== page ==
Liquorice, lemon & honey: No magic formula to boost oxygen levels in the body

Liquorice, lemon & honey: No magic formula to boost oxygen levels in the body

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Contrary to what a viral YouTube video suggests, scientific studies show that the nutritive value of home remedies to increase oxygen levels in the body is overrated. In fact, excess intake of liquorice or mulethi can cause cardiac arrest, among other health complications.

By Tej Kumar

A YouTube video (in Telugu that has garnered more than 41,000 views) claims that if one consumes a drink made of liquorice (mulethi), lemon and honey on a daily basis, it will augment the oxygen levels in the body. The video also states that the drink is so potent that it can fight coronavirus.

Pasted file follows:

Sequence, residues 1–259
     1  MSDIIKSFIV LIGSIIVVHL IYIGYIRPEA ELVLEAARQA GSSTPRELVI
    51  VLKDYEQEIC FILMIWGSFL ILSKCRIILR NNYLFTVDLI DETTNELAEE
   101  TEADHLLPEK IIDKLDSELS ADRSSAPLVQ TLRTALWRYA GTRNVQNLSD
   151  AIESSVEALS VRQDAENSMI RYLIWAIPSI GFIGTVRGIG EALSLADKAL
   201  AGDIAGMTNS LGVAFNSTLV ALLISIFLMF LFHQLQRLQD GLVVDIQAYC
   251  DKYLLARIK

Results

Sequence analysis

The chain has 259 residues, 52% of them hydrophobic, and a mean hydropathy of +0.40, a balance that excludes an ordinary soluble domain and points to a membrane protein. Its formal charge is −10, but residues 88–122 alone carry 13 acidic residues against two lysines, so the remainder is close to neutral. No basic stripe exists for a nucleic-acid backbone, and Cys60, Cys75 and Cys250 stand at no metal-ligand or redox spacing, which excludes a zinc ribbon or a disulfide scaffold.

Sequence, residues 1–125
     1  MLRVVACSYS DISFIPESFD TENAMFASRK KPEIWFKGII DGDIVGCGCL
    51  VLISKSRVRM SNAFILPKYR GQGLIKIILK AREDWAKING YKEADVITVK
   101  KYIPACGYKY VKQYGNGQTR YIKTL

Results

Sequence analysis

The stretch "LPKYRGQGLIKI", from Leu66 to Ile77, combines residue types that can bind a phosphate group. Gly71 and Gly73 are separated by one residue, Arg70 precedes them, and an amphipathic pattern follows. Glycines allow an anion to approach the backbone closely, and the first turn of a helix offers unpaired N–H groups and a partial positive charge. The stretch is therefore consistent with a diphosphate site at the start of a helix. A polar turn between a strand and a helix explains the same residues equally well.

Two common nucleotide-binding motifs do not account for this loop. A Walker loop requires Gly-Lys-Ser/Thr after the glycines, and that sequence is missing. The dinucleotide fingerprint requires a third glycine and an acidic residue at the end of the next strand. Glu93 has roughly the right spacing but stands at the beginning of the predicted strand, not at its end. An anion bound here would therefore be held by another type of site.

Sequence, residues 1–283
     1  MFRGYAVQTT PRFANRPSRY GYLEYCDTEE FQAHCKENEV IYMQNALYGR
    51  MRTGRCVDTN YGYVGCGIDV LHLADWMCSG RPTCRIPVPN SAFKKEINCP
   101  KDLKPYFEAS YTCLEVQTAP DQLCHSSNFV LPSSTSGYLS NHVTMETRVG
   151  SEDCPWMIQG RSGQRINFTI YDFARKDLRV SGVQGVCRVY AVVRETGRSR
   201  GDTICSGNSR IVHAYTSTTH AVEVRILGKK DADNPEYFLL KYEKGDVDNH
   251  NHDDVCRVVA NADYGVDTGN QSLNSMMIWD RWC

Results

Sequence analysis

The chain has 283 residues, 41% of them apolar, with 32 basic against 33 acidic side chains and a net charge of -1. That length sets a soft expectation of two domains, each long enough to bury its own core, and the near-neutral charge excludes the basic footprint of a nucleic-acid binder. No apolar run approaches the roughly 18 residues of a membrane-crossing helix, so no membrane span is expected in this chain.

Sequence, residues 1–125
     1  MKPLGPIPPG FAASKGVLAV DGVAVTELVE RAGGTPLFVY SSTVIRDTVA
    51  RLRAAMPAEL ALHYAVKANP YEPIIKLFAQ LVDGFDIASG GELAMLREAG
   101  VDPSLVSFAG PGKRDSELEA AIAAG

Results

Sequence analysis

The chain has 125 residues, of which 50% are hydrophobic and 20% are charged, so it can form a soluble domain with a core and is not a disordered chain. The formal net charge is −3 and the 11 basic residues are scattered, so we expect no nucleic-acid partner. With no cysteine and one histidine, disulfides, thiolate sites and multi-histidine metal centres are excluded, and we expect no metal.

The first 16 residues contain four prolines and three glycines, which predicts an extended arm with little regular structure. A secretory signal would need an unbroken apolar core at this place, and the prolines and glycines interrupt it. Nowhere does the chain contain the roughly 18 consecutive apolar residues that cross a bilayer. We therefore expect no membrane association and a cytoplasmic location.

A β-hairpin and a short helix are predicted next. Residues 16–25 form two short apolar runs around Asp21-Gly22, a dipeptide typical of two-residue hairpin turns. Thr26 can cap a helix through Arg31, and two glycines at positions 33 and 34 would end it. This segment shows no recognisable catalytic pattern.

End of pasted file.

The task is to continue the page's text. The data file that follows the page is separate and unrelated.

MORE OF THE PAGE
While liquorice is a popular herb that is believed to cure viral infections, the combination of honey and lemon is considered to be a healing elixir for a wide-range of health issues – from weight loss to acne, cough and cold. However, there’s no scientific evidence to support the claims made in the video.

In fact, the National Centre for Biotechnology Information in the US conducted a study that found excess intake of liquorice can cause cardiac arrest and other health complications. “Licorice extract has always been recognized as a sweetener and a thirst quencher. Its nutritive value is overrated by many who consume significant amounts and are prone to complications,” it stated.

Dr Nikhil Modi, consultant – respiratory and critical care medicine, Indraprastha Apollo Hospital, New Delhi, said, “There is no evidence that liquorice, lemon and honey can increase the oxygen levels in the body or that it can cure coronavirus. If you have any reason to believe that your oxygen levels are low, it’s important to consult a doctor immediately.”

Choose scientific treatment over magic remedies.

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